7. The booming foundry business probably got hit harder than any chip sector in 2001, with output of some of these companies dipping to as low as 22% of capacity. But even in the midst of the worst semiconductor downturn in history, the leading pure-play foundries were going all out to develop leading-edge process technology.
By most accounts, the foundries have managed to close the technology gap between themselves and the world's largest integrated device manufacturers. They were working hard to reach parity with these IDMs in an effort to expand their businesses beyond their current fabless semiconductor customers and serve the larger IDMs.
The 2001 downturn and the resulting excess production capacity did, however, result in a disappointing setback for the foundries in their attempts to take on more business from the IDMs. The share of foundry-produced ICs at IDMs slipped to 4.6% in 2001 from 6.2% in 2000.
Faced with a severe production glut in their mainstream 0.25-micron technologies, foundry giants Taiwan Semiconductor Manufacturing Co. and United Microelectronics Corp. raced to ramp their 0.13-micron designs into production this year. TSMC expected to ship at least 9,000 eight-inch wafers processed with 0.13-micron technologies by the end of 2001. In Singapore, battered Chartered Semiconductor Manufacturing pushed its first 0.13-micron wafers into production in September.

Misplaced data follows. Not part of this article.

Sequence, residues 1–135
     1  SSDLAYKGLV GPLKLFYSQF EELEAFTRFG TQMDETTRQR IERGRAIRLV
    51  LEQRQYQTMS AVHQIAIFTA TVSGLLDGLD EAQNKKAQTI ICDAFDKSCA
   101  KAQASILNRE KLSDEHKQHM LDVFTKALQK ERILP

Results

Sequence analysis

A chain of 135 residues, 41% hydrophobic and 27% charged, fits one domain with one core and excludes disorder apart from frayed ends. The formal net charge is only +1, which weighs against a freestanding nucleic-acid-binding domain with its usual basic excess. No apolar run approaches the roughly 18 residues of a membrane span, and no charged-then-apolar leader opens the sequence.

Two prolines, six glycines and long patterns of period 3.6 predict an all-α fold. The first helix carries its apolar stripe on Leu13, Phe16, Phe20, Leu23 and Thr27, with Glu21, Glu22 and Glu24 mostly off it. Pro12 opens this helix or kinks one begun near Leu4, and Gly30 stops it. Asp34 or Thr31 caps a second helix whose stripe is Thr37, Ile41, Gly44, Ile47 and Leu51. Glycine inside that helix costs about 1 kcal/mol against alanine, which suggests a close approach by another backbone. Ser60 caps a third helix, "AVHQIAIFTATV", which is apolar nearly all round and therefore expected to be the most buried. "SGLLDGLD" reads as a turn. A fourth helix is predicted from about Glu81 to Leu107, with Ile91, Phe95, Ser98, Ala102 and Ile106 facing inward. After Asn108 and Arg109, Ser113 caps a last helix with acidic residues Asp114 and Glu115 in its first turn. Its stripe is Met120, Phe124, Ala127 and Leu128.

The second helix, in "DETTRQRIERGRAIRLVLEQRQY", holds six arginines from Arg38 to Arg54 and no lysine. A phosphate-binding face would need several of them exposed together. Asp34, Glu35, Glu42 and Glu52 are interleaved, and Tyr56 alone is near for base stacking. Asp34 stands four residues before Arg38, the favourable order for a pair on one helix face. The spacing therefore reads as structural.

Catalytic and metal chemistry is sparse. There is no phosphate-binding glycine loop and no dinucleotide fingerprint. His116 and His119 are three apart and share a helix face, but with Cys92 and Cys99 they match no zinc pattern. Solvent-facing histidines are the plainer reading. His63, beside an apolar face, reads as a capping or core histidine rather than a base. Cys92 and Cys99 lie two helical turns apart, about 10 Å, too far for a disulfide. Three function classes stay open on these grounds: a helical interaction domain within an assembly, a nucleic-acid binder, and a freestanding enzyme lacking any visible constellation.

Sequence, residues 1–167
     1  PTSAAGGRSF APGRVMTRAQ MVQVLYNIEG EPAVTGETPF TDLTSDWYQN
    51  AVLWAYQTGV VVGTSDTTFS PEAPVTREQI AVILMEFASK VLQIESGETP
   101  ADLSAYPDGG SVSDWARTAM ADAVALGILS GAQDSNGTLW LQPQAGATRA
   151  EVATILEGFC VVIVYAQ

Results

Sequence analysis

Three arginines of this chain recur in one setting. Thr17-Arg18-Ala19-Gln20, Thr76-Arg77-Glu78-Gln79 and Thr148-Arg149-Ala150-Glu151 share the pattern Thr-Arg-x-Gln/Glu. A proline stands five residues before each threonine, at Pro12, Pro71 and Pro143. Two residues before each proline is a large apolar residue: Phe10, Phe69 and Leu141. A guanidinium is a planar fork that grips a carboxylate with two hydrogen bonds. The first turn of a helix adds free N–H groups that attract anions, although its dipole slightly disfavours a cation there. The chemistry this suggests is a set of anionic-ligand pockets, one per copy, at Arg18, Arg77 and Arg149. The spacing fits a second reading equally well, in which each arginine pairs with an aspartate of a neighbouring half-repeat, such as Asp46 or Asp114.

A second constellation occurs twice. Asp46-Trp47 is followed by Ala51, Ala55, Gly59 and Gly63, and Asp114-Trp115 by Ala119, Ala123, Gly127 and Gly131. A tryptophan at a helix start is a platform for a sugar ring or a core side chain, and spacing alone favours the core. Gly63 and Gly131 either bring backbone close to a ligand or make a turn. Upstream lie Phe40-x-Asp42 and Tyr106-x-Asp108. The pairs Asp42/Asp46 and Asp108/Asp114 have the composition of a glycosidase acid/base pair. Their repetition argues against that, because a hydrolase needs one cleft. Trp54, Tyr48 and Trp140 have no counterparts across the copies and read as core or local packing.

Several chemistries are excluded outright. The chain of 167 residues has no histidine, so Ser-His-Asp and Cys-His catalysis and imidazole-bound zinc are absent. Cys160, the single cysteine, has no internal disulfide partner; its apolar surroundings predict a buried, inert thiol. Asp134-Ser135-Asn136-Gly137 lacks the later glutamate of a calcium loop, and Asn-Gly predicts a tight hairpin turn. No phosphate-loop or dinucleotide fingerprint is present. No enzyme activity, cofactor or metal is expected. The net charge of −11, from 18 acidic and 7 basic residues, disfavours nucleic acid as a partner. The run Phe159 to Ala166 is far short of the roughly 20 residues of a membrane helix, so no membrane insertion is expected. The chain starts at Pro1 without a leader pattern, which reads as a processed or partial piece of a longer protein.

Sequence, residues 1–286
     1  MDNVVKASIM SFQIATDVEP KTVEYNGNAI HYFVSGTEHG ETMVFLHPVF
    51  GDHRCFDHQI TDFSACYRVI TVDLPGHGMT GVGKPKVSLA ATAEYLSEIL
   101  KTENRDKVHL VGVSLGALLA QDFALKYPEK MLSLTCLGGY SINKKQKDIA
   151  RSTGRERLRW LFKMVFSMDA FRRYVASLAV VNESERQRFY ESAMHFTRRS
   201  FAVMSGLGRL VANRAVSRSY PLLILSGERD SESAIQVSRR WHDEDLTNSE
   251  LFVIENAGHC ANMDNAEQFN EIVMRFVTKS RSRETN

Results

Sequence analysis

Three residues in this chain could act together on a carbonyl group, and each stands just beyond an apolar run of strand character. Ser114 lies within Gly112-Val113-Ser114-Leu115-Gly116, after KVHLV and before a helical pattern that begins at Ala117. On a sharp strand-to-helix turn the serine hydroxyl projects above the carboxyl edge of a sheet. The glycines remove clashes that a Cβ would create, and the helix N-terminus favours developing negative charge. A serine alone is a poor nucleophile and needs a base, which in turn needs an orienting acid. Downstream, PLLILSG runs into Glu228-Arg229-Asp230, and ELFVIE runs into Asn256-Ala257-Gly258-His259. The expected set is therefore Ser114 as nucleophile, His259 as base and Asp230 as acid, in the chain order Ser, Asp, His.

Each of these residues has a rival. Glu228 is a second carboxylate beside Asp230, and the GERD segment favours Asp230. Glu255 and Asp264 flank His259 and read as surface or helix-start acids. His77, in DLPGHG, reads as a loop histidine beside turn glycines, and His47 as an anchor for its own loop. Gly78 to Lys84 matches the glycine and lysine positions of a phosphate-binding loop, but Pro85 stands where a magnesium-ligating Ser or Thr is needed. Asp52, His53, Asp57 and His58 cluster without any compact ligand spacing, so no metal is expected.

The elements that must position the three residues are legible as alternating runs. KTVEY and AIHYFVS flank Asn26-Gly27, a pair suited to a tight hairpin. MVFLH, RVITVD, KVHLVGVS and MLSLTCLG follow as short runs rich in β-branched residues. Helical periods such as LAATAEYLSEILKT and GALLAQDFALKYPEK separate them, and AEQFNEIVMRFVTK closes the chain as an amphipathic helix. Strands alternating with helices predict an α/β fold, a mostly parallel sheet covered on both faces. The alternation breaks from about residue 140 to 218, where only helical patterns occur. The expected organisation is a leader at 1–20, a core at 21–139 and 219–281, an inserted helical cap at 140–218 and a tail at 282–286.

These three foundry leaders also accelerated their next-generation 0.10-micron process development and planned to start offering this technology to users in 2002.
At TSMC, where the focus was now on the system-on-chip SoC solutions, the first 0.10-micron processed wafers were scheduled to get to its technology foundry partners by the second quarter of 2002. "We will accelerate the development of modules that will make up SoC designs," said TSMC chairman Morris Chang.
But the foundries may not be as successful as they expect in attracting chip making business from the large IDMs during the next industry upturn. Some analysts believe the larger IDMs will build their own 300-mm fabs and maintain control over their own leading-edge CMOS technologies.
A new study from Future Horizons, a British market research firm, predicted that the top 10 IDMs would not outsource anymore than 10-to-15% of their wafer-processing capacity to outside foundries. The rest of the smaller integrated device manufacturers, however, would outsource between 50-to-75% of their ICs to third-party fabs, it said.
Overall, the foundry business is expected to raise its share of global production from 15.5% in 2000 to between 30-to-40%, according to Future Horizons, not half the market as other researchers have predicted. This foundry production would go to fabless chip companies as well as the integrated devices manufacturers.
(Return to 2001 Top 10 list or go to No. 8).